and watch them closely so that they do not get too dry.
You want them spongy, not hard as rock, for a good dried
For processing, any jujube variety can be
used. If you are making whole pickled jujubes, 'Chico'
makes a nice looking finished product. Jujube butter can
be made from any jujube. Use fruit that is in the
So is an ornamental variety,
called 'Contored,' which has limbs that go off in odd
directions, making a twisted tree form. It is very
beautiful in winter without its leaves. It has good
fruit in addition to its ornamental value.
A jujube tree is a medium sized
tree growing to 20 to 25 feet tall. The largest jujube
tree known in the United States is located in the Fort
Worth Botanical Gardens. It is 43 feet tall and has a
width of 34 feet. Jujubes live a long life, and there
are jujube trees growing in China that are 1,000 years
old. Here in Texas there are trees more than 70 years
old that are still bearing full crops of fruit.
Jujubes can be grown in a wide range of soil types from
sandy to clay. They have even been grown in rocky soils.
Areas with poor soils may be good for jujubes. Of
course, like most fruit trees, jujubes prefer a good
loamy soil and will grow faster in such soils. On the
poorer soils, jujubes will make a good tree, but grow a
Jujubes require only 200 to 400
hours of winter chilling (hours below 45ø) to fruit.
Therefore, they can be grown all across Texas from the
coast to the Texas Panhandle. They bloom in late April
and May, missing the March frosts that affect many fruit
Once established, jujubes can be
maintained on as little as 8 inches of rainfall a year.
They will not fruit well on 8 inches but they will live.
For good fruiting, they need a total of 20 or more
inches of water a year, but jujubes can surprise you.
During the dust bowl years of the 1930s, jujubes growing
at Dalhart, Texas, never failed to fruit.
do not tolerate shade well. They prefer full sun but
need little fertilizer. The only fertilizer that is
needed occasionally is nitrogen, especially on poor or
sandy soils. Compost worked into the soil is good for
those who prefer organic methods.
thing about jujubes is that they have few problems with
insects and diseases. As I.E. Cowart, a
horticulturalist, said many years ago, "Jujubes are easy
to grow, not affected by insects and diseases to much
extent and are drought resistant." Oh, birds can peck a
few fruit, and deer like to eat the fruit and sometimes
eat the leaves of the better varieties, but generally
jujubes are one of the easiest fruiting trees to grow.
As one fruit grower said, "they demand less and give
more than any other fruit tree we have. We love them."
Fruit size is anywhere from 3/4 of an inch for the
small and wild varieties to more than 2 inches for the
larger varieties such as 'Li.' There are three color
stages of fruit development: the green stage when they
are growing, the yellow-green stage when they start to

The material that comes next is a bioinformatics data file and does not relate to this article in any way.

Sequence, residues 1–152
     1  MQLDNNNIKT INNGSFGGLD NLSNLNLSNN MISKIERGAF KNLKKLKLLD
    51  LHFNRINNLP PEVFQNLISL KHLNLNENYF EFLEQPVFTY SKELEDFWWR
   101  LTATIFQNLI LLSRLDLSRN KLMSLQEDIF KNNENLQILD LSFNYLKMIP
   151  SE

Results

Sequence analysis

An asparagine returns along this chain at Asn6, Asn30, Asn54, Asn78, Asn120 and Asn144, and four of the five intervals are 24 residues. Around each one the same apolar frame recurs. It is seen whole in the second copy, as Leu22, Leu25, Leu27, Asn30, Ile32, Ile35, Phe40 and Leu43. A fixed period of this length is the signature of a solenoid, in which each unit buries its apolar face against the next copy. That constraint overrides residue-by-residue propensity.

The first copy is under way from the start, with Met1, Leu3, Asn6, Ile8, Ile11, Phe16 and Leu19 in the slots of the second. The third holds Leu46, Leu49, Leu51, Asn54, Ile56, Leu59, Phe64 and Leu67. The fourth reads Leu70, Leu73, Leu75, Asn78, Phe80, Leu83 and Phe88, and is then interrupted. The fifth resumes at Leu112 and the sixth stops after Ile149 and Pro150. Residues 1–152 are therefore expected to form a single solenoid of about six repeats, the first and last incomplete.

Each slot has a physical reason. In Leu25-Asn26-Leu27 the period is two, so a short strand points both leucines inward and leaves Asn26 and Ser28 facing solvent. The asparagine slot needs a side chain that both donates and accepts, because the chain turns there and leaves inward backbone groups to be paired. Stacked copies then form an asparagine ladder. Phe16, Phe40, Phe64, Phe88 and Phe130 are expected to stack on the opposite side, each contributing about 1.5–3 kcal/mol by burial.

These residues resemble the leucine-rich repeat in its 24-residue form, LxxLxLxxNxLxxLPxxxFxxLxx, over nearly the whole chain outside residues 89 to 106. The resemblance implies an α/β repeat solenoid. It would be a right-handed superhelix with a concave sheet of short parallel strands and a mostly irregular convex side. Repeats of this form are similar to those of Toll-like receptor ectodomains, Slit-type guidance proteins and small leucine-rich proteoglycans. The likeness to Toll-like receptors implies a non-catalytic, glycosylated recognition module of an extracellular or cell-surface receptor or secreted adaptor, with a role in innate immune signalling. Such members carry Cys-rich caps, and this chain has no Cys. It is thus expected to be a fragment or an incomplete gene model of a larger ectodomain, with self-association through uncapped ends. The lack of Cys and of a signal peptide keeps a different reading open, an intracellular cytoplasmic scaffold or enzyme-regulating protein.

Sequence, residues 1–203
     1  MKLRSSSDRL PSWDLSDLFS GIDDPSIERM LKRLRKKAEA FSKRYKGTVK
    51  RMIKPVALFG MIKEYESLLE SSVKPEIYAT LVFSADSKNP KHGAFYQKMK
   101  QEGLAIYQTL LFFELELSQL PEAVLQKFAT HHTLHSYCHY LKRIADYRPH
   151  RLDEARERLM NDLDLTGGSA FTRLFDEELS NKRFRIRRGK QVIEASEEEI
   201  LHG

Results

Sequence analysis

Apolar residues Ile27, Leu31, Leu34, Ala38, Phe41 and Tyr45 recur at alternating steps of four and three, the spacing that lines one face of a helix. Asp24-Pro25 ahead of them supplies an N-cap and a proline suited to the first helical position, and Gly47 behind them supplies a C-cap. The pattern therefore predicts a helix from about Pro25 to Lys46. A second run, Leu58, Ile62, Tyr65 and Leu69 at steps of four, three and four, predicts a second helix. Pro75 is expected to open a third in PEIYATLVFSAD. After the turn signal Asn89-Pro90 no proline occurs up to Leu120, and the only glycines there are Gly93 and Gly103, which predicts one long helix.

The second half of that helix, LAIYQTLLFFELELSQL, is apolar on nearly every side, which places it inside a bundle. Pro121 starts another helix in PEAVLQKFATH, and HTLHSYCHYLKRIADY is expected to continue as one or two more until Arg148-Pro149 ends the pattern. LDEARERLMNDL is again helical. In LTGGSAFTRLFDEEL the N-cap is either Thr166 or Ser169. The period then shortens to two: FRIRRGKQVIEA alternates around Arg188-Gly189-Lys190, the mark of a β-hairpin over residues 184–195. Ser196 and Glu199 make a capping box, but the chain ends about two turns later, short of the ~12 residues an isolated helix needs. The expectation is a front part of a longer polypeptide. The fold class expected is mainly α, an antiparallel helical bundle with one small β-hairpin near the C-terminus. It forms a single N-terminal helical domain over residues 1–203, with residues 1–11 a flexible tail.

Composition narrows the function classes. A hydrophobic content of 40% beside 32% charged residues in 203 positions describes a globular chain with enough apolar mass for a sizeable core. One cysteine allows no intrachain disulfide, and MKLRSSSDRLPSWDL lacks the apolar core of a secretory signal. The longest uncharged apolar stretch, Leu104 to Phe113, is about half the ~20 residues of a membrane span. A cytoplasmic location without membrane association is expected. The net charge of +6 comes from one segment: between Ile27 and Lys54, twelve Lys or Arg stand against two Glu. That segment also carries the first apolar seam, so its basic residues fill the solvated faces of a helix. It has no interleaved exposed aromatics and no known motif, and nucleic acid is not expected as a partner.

ripen and the red-brown stage of full ripe fruit. 'Honey
Jar' and the 'Li' variety can be picked in the
yellow-green stage for fresh eating, but most varieties
need to start turning red-brown to achieve the best
taste. The normal picking stage for fresh eating is when
the fruit is
1/4 to 1/2 red-brown. For making
processed products, picking in the yellow-green stage is
best. For drying, pick from the yellow-green stage up to
full red-brown and dry in a dehydrator. When jujubes are
spongy soft they are ready to take out of the
dehydrator. Do not over-dry because they can become very
hard. Dried jujubes can be stored for several years and
can be eaten dried or simmered in water to reconstitute.
All jujube varieties come into bearing early. Some
even fruit the first year of planting. Usually the
second year will see some fruit and by the third year
you should produce a good crop.
Pruning is not
recommended for jujubes other than to remove dead limbs
and clean up the lower branches. Any suckers coming from
below the graft union should also be removed.
Most jujube trees purchased from a nursery are grafted
onto wild jujube rootstock. These wild rootstocks tend
to sucker and will send up plantlets several feet away
from the tree. Because of this root suckering habit, it
is best not to plant trees next to the foundation of a
house. If planted in a lawn area the sprouts can be
easily mowed down and should never become a problem. In
cultivated areas you can get rid of any sprouts when you
'Lang' are the two most common jujube varieties found at
a nursery. 'Li' is a good multiple purpose variety and
can be eaten fresh or processed. 'Lang,' on the other
hand, is mainly a drying or processing variety that is
not very good eaten fresh. Most nurseries try to sell
the two varieties together because they think that
jujubes need cross pollination. But nearly all jujubes
are self-fruitful, meaning that you only need one tree
to produce fruit. There are, however, a few varieties
that need cross-pollination to get the best crops.
Richard Ashton is the
author of several books on fruit growing. The
Incredible Pomegranate - Plant and Fruit, Jujube - The
Chinese Date and his soon to be published book
Sweet Cherries for Southern Orchards are available
from Third Millennium Publishing at
www.3mpub.com/ashton or they can be purchased
through the Texas Gardener bookstore.
The Arbor Gate
San Antonio, TX
(has the ‘Li’ variety)
In addition to local nurseries, you can buy
trees that are shipped bareroot in the late
winter from these sources:
Burnt Ridge Nursery
(this nursery has
two good newly imported varieties available)